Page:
How to make Greek Whipped Feta (Tyrosalata)
It’s been a while since our last post, isn’t it? We’re getting close to Valentine’s and besides posting this wonderful roundup for 10 hearty soups and stews that was really popular, we haven’t had the time to properly sit down and write another recipe post.
This has been a very busy period. Moreover, during the Holidays we were both under the weather and took us quite some time to recover. We spent most of the last 1,5 months staying inside, cooking lots of soups and making various comfort foods to brighten our mood:)
Of course, during the Christmas period, we made the classic Greek chicken avgolemono soup and some other traditional dishes to enjoy them at home. Since however, we were sick, we enjoyed them just ourselves, without any friends or family this year. After all, it’s hard to have people over with a runny nose and sneezing at regular intervals. :)
So, we spent the New Year’s Eve watching live feeds on the internet, with 2018 arriving at different places around the world and the fireworks/celebrations which in some cases were spectacular! We especially enjoyed Sydney, Pyongyang, Hong Kong and Dubai. It was too late for us to stay up for NYC celebrations, unfortunately, due to the time difference. We also cut the traditional vasilopita New Year’s pie but didn’t do the whole pomegranate smashing and the rest of the traditional things that go with it.
On the positive side, we had the excuse to lay down and enjoy lots of movies and series and catch up with our reading (finished Jo Nesbo’s Harry Hole series, both of us big fans). It wasn’t until about a week, after 2018 arrived, that we had a chance to actually get out of the house and do something, go somewhere.
We went –yes you may guess this- to Steni, in Evia which is less than a couple hours from Athens. This short trip was magnificent though. We left very early in the morning and enjoyed the sunrise on the road. The morning mist over the hills and meadows created an astonishing scenery and part of it can be seen in some of the photos of this post. When we arrived at the village, some of the Holiday decorations were still on, like the one in the photo with the elves. :)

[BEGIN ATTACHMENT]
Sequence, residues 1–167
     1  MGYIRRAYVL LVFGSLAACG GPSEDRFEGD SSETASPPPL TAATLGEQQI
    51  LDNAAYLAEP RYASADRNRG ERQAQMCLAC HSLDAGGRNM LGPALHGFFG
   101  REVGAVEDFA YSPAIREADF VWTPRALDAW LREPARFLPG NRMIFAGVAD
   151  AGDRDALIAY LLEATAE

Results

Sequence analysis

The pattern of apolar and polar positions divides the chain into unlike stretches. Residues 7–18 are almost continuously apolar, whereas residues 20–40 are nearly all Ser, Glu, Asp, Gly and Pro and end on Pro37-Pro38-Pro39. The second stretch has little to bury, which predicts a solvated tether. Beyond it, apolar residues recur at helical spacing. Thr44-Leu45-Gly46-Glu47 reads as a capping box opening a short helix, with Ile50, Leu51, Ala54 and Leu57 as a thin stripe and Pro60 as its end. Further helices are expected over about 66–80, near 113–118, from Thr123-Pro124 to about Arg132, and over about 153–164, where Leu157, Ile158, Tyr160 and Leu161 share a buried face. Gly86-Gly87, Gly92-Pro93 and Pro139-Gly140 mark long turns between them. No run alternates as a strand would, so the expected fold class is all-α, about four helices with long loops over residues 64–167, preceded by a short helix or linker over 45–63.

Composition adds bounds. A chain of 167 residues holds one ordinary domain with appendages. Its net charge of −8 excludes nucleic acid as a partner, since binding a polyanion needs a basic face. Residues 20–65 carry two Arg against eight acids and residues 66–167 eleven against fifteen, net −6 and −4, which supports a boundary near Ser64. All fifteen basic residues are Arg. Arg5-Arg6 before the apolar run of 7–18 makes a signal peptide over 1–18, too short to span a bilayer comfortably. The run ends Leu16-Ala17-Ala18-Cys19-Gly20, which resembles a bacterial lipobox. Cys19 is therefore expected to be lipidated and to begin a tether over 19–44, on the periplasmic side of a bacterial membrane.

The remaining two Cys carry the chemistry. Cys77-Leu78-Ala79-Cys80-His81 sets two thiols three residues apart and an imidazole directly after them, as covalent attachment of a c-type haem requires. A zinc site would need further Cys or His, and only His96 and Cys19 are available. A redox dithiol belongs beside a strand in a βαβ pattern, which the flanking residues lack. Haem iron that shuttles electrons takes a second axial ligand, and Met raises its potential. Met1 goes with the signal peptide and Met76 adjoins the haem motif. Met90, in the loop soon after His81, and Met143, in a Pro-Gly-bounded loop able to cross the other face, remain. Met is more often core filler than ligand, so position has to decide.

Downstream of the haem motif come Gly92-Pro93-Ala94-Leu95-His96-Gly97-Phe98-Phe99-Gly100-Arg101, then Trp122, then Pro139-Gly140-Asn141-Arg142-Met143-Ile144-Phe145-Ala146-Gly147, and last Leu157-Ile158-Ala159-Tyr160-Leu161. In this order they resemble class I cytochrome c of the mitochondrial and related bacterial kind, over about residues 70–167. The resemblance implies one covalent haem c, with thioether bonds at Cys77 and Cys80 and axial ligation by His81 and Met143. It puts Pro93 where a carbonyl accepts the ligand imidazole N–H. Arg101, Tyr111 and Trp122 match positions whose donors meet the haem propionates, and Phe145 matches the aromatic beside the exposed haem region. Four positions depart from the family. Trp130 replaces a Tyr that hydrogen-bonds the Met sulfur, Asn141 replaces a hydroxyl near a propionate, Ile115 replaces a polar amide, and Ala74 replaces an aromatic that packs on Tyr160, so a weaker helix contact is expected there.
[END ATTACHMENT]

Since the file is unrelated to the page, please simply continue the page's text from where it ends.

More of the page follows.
Walking in small paths inside the village, so early in the morning, when everything is so peaceful and quiet is truly beautiful. We had a wonderful coffee in a small café where the fireplace was already on, and the sounds of cracking wood and crackling fire were the only ones in the room. We had our coffee watching the mountain above the village’s square with the pine trees and the heavy clouds sitting on its top.
After this small break, we went up the slopes to see some snow. There was some, but we mostly enjoyed walking in the forest for a while. Close to the summit, the forest is so untouched, with beautiful trees that remind one of Middle-Earth. Underneath, deadwood provides a place for moss and lichens to grow, creating a colorful carpet. You can hear small streams of crystal clear water heading down the mountain and a variety of birds singing all around you. It’s nature at its finest.
Clean Monday and Lent
The rest of January flew by us without even realizing it, with tons of work and other activities. So, we got almost to mid-February for posting this. Besides Valentine’s, which is now around the corner – and is relatively a new tradition for Greeks, which started being celebrated around 1990- another important day that’s approaching is Kathara Deftera (Clean Monday). This day marks the beginning of Lent.